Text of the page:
TESTO DEL LIED"If pray'rs and tears"
If pray'rs and tears,
The shields the Church of England only bears,
In some great exigence of State,
Could those have warded off the blow of Fate,
We had not fall'n, we had not sunk so low
Under the grievous heavy weight,
The pressures of this day's sad overthrow.
Oh! how the first amazing blow
Bow'd down each loyal head!
And as we trembling stood,
Fix'd like a standing water all our blood,
In every face you might such sorrows read;
That what the prophet wish'd but could not show,
Was in our mournful land made good;
All eyes, as rivers, swell'd, did strangely overflow,
Our weepings seem'd increas'd into another flood.
Thus universal was our grief,
And in those agonies of our soul we lay,
Till the kind heav'ns roll'd the cloud away,
And gave us some faint glimm'rings of relief.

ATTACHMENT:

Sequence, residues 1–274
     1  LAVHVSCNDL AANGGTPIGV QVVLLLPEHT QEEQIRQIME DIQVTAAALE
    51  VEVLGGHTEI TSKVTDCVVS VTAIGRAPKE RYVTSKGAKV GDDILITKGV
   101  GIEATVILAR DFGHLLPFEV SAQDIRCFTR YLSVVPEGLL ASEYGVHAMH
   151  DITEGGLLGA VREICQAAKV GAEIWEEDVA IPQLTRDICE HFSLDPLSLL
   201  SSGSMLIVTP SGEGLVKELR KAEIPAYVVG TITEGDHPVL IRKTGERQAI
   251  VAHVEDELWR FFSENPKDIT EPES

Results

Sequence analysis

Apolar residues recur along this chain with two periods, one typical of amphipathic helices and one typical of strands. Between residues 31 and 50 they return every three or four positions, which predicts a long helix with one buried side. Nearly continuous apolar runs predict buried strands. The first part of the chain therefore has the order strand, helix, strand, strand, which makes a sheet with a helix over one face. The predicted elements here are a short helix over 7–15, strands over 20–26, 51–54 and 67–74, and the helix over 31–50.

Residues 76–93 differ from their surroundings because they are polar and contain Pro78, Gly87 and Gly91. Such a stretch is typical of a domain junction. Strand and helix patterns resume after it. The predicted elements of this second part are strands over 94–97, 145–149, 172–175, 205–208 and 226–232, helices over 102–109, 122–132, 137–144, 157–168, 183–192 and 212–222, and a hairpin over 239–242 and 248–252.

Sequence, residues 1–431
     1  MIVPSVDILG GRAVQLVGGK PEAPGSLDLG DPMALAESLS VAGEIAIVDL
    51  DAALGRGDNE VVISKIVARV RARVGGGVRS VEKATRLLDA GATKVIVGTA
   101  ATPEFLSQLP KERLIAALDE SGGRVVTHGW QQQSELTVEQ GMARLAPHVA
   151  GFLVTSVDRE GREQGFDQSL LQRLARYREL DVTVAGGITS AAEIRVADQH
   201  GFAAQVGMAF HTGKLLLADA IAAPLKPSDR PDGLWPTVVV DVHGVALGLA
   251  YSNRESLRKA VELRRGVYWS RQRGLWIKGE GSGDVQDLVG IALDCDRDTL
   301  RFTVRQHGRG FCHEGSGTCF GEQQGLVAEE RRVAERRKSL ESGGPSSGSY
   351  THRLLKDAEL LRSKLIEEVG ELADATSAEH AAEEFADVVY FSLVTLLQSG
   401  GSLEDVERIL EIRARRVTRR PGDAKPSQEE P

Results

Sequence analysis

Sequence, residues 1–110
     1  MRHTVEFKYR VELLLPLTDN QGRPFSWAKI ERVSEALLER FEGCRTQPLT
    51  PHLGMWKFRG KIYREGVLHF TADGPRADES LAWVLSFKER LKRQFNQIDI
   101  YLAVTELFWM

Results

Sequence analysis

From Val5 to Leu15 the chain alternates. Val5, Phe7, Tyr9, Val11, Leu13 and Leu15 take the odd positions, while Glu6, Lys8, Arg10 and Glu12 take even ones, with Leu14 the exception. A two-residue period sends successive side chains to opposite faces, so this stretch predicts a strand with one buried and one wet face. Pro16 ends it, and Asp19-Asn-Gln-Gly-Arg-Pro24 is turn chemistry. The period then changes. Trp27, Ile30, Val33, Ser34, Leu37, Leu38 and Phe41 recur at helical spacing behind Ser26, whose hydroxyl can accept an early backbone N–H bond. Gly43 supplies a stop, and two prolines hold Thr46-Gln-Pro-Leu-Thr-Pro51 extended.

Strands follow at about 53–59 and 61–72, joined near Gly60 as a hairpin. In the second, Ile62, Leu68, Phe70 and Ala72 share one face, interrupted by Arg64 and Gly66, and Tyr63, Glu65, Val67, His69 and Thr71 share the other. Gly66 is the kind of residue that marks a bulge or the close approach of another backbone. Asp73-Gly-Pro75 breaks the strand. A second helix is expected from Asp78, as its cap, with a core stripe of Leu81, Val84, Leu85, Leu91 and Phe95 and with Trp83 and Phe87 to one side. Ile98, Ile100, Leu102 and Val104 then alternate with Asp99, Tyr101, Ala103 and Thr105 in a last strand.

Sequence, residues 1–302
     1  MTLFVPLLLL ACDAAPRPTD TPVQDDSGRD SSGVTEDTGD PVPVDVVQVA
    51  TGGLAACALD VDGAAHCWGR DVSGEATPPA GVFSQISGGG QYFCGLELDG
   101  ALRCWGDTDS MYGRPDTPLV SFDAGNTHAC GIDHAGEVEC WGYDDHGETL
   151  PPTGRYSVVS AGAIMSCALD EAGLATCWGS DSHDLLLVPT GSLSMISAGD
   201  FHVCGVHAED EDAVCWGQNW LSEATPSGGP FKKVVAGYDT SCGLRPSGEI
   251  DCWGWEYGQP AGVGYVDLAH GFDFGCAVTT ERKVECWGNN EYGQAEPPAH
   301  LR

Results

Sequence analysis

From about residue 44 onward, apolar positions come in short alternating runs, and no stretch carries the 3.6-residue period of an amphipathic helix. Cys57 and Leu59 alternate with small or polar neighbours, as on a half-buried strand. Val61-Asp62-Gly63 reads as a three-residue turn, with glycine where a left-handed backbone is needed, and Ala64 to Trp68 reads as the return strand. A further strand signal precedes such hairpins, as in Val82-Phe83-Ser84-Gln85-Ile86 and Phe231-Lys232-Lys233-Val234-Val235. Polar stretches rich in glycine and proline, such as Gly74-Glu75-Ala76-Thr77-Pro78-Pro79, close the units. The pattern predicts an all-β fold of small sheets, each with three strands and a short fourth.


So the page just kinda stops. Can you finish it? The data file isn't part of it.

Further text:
The waters then abated for a while,
And welcome joys hung hov'ring o'er our drooping Isle.
Oh! then what pious groans, what pious sighs
The Church sent up beyond the yielding skies.
"Lord save our King!" ev'ry good subject cries,
Whilst ev'ry broken heart's altar and sacrifice.
"Lord save the King!" was never said with greater fervency than now,
Not in the chapel only, but the streets;
No sort of people could you meet but did devoutly bow,
And as devoutly pray'd;
And yet no pharisaic hypocrites
In corners, with well-guided zeal, their orisons were made.
Albion is now become a holy land,
And wages holy war to stay the threat'ning hand;
Oh! that we might prevail!
Such well appointed numbers never us'd to fail.
Numbers of old, by a wise prelate led,
With arms stretch'd towr'ds heav'n took the field,
No other weapons did those champions wield,
But leafy boughs (and pray'rs, no doubt) we read,
To those a mighty conqueror did yield,
Alas! we'd conquer'd too, but for our former crimes,
Treasons, rebellions, perjuries,
With all the iniquities of the times;
Whole legions do against us rise,
These by the powers that strike the kingdom dead,
And now the crown is fall'n from our Josiah's head.